maintenance plans.

11.2 Responsibilities

Commanders, civilian supervisors, and special agents-in-charge at


all levels will:

a. Conduct a risk assessment prior to and during all


operations using the Risk Assessment Matrix System IAW FM 100-14
and indicated at appendix E, figure E-1. Risk management tools
such as a risk assessment worksheet is indicated at appendix E,
figure E-3.

b. Ensure leadership at the appropriate level of authority


is making informed decisions to control hazards or accept risks
IAW CIDR 195-1, Chapter 5, Section VI.

c. Ensure personnel are properly trained to perform work


safely through on-the-job safety and risk management training. An
Operational Risk Management training resource is available on the
USACIDC INTRANET Safety Center to assist in conducting training.

d. Authorize and encourage the use of official time for


employees to attend safety-related training, workshops, and
participate in local safety and health councils.

e. Determine if hazards are at an acceptable level of


risk.

f. Determine if the levels of risk can be reduced to


enhance the mission.
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g. Ensure that no existing risk will unnecessarily


jeopardize the mission.

h. Identify existing/potential hazards and bring them to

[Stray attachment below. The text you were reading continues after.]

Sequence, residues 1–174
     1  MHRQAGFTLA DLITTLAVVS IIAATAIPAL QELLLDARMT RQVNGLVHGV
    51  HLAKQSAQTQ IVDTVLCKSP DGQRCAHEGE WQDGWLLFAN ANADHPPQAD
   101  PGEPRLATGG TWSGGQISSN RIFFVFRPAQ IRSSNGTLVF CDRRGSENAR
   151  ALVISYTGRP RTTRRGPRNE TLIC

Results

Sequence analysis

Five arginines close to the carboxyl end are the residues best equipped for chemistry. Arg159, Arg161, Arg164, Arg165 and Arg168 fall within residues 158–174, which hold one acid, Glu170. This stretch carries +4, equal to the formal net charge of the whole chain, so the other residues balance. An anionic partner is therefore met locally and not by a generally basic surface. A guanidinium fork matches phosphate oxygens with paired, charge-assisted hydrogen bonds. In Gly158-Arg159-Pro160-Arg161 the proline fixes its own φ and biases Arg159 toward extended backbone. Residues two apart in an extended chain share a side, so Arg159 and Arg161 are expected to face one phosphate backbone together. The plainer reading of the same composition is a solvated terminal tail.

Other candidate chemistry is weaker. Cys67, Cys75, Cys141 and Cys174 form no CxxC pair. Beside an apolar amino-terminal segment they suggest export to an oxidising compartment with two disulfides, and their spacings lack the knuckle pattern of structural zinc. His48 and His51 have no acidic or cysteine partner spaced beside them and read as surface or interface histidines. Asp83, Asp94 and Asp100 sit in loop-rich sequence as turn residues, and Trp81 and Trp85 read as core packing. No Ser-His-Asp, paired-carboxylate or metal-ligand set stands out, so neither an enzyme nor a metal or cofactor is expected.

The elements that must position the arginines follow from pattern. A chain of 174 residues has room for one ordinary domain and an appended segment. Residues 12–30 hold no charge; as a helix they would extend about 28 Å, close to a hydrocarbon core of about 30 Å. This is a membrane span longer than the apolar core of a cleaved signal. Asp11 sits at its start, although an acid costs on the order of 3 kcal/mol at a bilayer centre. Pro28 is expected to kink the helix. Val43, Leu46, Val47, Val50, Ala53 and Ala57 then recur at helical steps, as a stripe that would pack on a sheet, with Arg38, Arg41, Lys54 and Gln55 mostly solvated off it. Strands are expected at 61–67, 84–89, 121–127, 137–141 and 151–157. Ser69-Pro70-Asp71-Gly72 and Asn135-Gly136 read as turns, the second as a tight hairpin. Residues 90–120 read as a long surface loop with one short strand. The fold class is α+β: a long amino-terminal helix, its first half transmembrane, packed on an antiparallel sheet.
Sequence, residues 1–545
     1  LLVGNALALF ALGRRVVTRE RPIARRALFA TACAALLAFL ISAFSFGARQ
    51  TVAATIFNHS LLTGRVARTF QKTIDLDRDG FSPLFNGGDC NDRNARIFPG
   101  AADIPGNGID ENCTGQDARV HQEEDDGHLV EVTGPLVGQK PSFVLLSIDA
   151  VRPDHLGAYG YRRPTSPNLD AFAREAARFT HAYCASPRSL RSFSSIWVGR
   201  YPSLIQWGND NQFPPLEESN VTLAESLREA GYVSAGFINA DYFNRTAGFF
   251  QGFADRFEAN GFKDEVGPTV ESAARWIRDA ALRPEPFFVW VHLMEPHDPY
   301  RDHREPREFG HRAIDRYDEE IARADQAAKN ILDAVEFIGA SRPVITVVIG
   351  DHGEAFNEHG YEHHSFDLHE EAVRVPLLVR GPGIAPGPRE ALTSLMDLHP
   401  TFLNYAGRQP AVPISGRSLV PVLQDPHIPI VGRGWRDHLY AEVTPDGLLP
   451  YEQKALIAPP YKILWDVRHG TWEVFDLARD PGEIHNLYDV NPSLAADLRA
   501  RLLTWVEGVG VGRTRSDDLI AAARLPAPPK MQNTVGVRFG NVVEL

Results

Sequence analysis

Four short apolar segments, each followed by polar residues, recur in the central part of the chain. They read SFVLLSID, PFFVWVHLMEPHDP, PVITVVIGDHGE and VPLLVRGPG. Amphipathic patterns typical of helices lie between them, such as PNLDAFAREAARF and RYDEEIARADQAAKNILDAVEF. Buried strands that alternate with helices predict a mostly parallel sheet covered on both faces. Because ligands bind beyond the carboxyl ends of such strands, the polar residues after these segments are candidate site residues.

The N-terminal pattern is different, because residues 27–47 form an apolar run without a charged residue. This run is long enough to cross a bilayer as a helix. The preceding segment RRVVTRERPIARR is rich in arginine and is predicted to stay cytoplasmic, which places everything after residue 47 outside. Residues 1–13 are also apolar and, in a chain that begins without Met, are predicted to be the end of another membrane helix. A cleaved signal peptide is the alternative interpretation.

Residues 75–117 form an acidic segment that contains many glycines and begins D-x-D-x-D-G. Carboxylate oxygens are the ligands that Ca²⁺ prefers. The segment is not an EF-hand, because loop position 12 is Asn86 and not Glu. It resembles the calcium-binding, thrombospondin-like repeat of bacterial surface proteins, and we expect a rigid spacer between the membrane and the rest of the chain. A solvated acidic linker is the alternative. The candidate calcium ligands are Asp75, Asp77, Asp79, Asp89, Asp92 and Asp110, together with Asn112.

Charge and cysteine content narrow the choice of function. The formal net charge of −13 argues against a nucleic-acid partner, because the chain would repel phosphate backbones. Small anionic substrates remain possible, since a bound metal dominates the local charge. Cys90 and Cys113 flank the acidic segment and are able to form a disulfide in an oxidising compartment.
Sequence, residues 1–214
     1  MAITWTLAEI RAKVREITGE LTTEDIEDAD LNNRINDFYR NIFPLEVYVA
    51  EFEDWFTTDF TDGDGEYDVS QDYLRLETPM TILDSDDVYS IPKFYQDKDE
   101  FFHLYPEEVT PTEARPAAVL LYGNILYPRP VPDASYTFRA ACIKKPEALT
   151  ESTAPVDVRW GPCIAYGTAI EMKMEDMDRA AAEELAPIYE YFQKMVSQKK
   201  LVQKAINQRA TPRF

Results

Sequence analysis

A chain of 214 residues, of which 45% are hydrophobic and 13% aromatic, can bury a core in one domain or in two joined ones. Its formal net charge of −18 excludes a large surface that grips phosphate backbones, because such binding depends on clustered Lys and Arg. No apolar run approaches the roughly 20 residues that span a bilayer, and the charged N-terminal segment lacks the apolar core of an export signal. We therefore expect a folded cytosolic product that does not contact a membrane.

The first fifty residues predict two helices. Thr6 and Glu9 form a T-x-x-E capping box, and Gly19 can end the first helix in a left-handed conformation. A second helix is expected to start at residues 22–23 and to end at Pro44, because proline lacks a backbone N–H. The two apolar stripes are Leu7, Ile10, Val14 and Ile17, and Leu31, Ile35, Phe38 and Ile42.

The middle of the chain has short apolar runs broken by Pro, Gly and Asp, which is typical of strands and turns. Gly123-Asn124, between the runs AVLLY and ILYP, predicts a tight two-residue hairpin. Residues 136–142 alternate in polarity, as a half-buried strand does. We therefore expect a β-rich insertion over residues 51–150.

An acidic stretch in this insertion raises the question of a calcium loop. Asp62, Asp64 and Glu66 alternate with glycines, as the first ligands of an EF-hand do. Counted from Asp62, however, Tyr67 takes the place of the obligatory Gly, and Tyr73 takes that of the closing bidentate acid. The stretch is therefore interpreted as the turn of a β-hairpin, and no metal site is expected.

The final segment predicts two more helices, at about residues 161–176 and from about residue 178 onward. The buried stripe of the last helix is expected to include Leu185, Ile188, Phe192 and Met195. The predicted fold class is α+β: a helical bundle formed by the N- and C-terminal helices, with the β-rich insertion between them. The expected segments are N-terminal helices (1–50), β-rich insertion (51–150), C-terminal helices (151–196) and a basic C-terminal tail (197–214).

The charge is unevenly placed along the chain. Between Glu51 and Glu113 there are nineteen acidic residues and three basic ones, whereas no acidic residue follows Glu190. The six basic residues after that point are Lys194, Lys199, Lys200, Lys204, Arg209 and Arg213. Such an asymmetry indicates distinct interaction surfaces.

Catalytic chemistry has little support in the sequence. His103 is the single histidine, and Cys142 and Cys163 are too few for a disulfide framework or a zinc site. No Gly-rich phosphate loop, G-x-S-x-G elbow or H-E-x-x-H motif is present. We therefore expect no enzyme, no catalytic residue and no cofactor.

the attention of the appropriate agency or commander.

i. DD Form 2272 (Department of Defense Occupational


Safety and Health Protection Program) will be posted in all
unit/organization workplaces.

j. A blank DA Form 4755 (Employee Report of Alleged


Unsafe and Unhealthful Working Conditions) will be posted adjacent
to the DD Form 2272 for use by personnel who have identified an
unsafe or unhealthful condition.

11.3 Risk management process and matrix

a. The risk management process is described at


appendix E.

b. The risk management matrix at appendix E, figure E-1, is


designed to assist commanders and SACs with conceptually assessing
the risk of any operation.

c. Risk Management Tools are available on the U.S. Army


Safety Center web site (www.safety.army.mil). Tools include:
Privately Owned Vehicle Accident Prevention toolbox, Accident
Investigation Tool Kits, Risk Management packages, guides, and
booklets.
11-2
CID Reg 385-1 (1 Jul 02)

Chapter 12
Water Safety

12.1 General

All USACIDC agencies will comply with AR 385-10 and this


regulation.

12.2 Responsibilities

Commanders, civilian supervisors, and special agents-in-charge at


all levels will:

a. Implement policies and procedures contained in


AR 385-10 and those of the host installation.

b. Identify all military non-swimmers and provide


swimming/water survival training through local installations prior
to conducting water operations.

c. Implement safety procedures for recreational water


activities IAW AR 385-10 and local installation regulations.

d. Provide a water/boating safety briefing as a part of


routine general safety briefings before long weekends, the major
holidays of the summer season (Memorial Day, 4th of July, and
Labor Day), and discuss the risks of consuming alcohol while
participating in water-related activities.
12-1
CID Reg 385-1 (1 Jul 02)

Chapter 13
Safety Briefings

13.1 General

All USACIDC agencies will comply with the following guidelines of


this regulation.

13.2 Responsibilities

Commanders, civilian supervisors, and special agents-in-charge at


all levels will ensure that: